Resprung

A familiar view to Peter ‘Pedro’ Cutler who’ll appreciate this one I think.

You’ll all know that of late, I’ve not been too well and that work has taken up a huge amount of my time – well, my health is now thankfully improving, work is easing off and the sun came out (although the wind was still a bit keen), so yesterday I had a great 58 mile ride via old haunts into South Derbyshire.

It was a ride in decent weather, warm when out of the wind; it was great cycling and although my choice of cake-stop was sadly closed (Rosliston Forestry Centre’s Hub Cafe is on winter hours until April 1st and shuts at 4pm – boo!) the day closed with a terrific sunset.

Spotted in Brownhills: this beautiful little thing had presumably just emerged and was drying it’s wings.

I went to Lichfield, Whittington, Whitemore Haye, Croxall, Walton, Rosliston, Coton in the Elms, Lullington, Clifton Campville, Haunton, Rickercote, Wigginton, Hopwas, Hints, Weeford, Shenstone and home.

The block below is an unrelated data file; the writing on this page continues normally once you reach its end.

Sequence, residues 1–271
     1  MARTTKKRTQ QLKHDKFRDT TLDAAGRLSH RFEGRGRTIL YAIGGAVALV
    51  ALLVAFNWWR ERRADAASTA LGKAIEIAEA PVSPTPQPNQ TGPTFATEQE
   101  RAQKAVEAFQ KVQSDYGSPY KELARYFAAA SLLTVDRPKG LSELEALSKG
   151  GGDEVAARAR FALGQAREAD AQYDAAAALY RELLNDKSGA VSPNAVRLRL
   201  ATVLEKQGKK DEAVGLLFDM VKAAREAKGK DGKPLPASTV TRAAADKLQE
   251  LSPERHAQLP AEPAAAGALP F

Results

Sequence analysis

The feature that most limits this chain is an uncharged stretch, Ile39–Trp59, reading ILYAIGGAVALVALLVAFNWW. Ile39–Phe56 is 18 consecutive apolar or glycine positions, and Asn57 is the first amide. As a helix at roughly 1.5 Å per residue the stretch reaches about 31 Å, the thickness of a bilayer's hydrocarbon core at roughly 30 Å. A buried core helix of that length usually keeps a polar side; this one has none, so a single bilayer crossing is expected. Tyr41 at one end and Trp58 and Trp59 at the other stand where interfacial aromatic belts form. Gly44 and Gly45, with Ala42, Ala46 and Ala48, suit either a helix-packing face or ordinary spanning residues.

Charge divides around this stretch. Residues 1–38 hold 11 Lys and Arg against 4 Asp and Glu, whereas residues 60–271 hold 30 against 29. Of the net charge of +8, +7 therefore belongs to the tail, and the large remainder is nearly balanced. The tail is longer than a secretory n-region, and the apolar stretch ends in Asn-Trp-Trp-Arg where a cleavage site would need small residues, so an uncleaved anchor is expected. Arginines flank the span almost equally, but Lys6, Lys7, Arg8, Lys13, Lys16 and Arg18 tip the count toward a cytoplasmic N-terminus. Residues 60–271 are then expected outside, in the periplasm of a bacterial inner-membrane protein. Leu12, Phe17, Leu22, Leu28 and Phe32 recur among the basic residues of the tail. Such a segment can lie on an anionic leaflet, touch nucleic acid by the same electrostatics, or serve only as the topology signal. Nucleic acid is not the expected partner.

The spring is beautiful this year, and the wildflowers profuse. If you can, get out there while the season is still on her throne.

For more of this sort of thing, please check out my 365daysofbiking journal which is remarkably six years old next weekend

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8 Responses to Resprung

  1. morturn says:

    I always enjoy your biking journals Bob, please keep them coming.

  2. Sheila Norris ( nee Jones) says:

    Your beautiful butterfly is a Comma, so called because of the white “comma” mark on the underside of its wings. Lucky you to spot it. They are quite uncommon where I live. So far this year I’ve only seen Small Tortoiseshells. Glad you are feeling better and able to enjoy the fine weather.

  3. Paul Vincent says:

    Very glad to hear you’re feeling better now, Bob.

  4. Graham says:

    Bob, this might be a little outside your usual area, but as i see you included Hopwas in your route i’m going to ask.

    I’ve always been intrigued by the canal bridge at Hopwas. One side has a pavement but the other has a section of rivetted iron, originally presumably for protection from cart wheels.

    It has always looked to me as though it was a section cut from an old egg -ended boiler. Do you, or your ever knowledgeable readers, know anything about it?

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